• Industrial Revolution, first coined by many scholars, refers to rapid changes in fields of society, economy and technology during late 18th- early 19th centuries.
• Due to Enclosure Movement, bigger landlords added land holdings of small farmers to their own. This led to unemployment of farmers, who went to cities in search of factory work.
• Improvement in transport was facilitated by Macadamized roads, laid down by John McAdam, a Scottish engineer.
• As waterways were a cheaper medium of transporting goods than roadways, James Brindley and Thomas Telford constructed several canals, which connected several cities.
• Later, railways emerged as a new cheaper and faster means of transportation that was readily available. Invention of Railway Engines, like ‘Puffing Devil’ and ‘The Blutcher’, facilitated pulling of large weights.
• Inventions of Steamships, by Robert Fulton, and Motor Cars by Daimler, were new inventions in transportation.
• Availability of Coal and Iron led to emergence of towns and factories. Development of Coal and Iron Industry was facilitated by improvement in Iron Smelting process.
• Breakthrough in Iron Smelting was achieved through Blast Furnace, invented by Darbys of Shropshire. Further Improvement in the Blast Furnace took place during 18th century.
• Invention of an engine by Thomas Newcomen, to draw water from mines; and Safety Lamp by Humphrey Davy, led to improvements in Mining Industry. New Inventions, especially in Cotton Industry facilitated Industrial Revolution.
• One major cause of Industrial Revolution was surplus capital, which was accumulated through overseas trade, especially through Triangular Trade Network.
• By 18th century, England achieved Naval Supremacy, which enabled it to protect its maritime trade and colonies.
• Socialism grew as a reaction to concentration of production means by capitalists, while working classes lived in misery. Socialists like Robert Owen proposed idea of Cooperative Socialism, wherein profit was shared among people.
• Karl Marx and Friedrich Engels propounded Scientific Socialism theory, wherein they proposed overthrowing of capitalist system, followed by establishment of classless society and communist state. This led to emergence of socialist movements in many countries, which continued into 20th century.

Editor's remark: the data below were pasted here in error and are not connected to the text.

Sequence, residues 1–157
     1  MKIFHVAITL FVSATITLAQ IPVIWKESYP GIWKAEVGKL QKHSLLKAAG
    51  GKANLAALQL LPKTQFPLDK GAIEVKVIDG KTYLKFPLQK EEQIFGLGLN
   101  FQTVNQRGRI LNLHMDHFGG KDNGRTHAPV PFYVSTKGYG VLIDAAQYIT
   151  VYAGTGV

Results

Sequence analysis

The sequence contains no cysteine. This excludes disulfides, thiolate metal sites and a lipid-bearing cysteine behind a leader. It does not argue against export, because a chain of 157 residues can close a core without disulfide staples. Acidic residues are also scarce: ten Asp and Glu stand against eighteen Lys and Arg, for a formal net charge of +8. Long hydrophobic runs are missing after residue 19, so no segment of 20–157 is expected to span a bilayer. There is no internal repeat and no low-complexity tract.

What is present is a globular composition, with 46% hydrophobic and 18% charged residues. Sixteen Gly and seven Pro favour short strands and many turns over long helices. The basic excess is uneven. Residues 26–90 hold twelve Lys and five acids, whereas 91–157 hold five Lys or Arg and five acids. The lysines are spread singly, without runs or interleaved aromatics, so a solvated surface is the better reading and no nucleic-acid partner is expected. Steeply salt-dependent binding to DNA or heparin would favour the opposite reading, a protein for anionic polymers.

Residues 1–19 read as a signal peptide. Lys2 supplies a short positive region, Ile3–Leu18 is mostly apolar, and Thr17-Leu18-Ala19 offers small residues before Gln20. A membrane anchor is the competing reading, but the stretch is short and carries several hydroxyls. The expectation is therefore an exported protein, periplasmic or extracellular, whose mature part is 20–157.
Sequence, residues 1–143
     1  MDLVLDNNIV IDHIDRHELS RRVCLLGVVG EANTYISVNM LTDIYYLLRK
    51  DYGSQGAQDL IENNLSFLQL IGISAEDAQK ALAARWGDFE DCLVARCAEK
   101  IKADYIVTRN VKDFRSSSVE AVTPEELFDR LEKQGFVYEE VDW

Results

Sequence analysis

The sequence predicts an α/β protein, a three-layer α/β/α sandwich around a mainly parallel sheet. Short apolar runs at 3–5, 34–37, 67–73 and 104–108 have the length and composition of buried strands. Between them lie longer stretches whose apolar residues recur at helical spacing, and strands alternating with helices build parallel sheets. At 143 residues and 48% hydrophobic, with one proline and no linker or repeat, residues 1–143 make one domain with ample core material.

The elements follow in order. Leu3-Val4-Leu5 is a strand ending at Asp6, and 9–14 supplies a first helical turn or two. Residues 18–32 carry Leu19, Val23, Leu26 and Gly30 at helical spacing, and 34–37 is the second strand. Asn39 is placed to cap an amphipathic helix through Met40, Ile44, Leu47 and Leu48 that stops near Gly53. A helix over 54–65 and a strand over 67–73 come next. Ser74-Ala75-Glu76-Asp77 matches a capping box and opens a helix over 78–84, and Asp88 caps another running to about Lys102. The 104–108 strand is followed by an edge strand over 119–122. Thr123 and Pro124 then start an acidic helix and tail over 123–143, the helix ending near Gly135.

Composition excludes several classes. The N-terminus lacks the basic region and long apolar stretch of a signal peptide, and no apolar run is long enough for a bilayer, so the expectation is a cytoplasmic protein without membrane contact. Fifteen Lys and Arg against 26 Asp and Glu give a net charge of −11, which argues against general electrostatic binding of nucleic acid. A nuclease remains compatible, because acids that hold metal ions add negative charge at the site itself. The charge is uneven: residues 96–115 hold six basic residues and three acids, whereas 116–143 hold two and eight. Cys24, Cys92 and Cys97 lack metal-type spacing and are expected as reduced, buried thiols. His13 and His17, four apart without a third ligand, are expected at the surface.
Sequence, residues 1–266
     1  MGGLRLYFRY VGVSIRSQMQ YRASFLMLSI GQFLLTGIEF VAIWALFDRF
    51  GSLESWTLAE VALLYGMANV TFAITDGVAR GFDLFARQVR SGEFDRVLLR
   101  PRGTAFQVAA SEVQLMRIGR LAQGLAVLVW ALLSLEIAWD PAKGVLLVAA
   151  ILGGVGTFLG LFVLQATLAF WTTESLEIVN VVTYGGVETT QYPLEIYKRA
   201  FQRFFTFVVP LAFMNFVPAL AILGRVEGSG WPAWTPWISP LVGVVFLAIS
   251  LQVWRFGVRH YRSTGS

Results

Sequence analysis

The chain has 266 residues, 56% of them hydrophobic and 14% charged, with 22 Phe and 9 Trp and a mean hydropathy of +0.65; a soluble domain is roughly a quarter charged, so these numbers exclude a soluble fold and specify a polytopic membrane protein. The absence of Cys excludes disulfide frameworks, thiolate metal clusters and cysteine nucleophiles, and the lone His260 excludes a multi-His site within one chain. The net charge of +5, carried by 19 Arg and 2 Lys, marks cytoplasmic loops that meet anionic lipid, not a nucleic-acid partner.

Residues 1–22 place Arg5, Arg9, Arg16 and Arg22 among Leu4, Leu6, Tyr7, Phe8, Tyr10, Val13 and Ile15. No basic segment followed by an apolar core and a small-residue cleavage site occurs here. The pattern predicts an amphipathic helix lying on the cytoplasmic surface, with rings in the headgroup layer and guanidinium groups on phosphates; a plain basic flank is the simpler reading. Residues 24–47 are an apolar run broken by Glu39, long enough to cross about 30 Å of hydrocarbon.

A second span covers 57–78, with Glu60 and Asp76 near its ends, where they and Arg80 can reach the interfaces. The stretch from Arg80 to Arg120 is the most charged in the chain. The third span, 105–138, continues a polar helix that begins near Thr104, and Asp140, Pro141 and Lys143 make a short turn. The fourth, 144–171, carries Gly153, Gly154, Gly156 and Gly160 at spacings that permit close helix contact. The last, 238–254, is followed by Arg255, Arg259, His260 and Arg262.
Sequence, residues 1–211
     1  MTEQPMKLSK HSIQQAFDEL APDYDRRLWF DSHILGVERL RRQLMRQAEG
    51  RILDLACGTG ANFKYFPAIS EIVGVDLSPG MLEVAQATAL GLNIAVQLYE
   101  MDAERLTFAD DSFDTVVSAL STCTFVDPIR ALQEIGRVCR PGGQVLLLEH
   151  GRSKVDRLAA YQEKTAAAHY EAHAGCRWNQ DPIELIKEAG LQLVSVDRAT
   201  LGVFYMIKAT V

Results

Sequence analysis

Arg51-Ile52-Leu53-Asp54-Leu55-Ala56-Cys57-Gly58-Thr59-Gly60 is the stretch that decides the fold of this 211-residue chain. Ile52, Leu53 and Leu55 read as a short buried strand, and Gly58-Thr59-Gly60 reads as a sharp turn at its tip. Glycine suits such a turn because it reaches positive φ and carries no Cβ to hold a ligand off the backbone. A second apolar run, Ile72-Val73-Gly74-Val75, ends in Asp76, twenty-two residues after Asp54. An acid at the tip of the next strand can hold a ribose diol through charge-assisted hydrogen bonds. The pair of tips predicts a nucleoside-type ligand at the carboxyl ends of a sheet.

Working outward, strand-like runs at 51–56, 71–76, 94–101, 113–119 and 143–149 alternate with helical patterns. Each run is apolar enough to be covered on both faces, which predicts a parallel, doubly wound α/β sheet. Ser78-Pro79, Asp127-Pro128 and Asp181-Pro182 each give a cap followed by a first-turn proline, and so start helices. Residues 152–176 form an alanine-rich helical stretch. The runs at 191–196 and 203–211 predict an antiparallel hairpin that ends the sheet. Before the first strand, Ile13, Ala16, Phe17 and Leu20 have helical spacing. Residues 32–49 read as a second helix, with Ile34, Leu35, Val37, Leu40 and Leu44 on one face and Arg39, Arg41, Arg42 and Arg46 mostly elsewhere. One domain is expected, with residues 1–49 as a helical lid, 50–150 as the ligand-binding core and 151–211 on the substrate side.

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In Industrial Britain, the Bill that limited the hours of work for women and young people was theMarks:1
Ten Hours’ Bill.
Explanation:In 1847, the Ten Hours’ Bill was passed after more than 30 years of agitation. This bill limited the working hours for women and young people.
From the 1850s in the Industrial Britain, the percent of workforce that lived in rural areas wasMarks:1
Explanation:During this period the proportion of people living in urban areas went up dramatically. Most of them were industrial workers.
The rights of the people who were suppressed in the Peterloo Massacre were denied by theMarks:1
Explanation:During the Industrial Revolution in England, in August 1819, 80,000 people gathered peacefully at St. Peter’s Fields in Manchester to claim democratic rights of political organisation of public meetings and of the freedom of the press. But they brutally suppressed in the incident known as the Peterloo Massacre. In the same year, the Parliament enacted the Six Acts.
According to the survey of 1842, the average lifespan of workers in Birmingham and Manchester wasMarks:1
15, 17 years.
Explanation:The survey of 1842 revealed that the average lifespan of workers was lower than that of any other social group in cities: it was 15 years in Birmingham and 17 years in Manchester.
According to the survey in 1842, the average lifespan of workers in Birmingham and Manchester wasMarks:1
15 and 17
Explanation:More people died, and died at a younger age, in the new industrial cities, than in the villages they had come from. Half the children failed to survive beyond the age of five.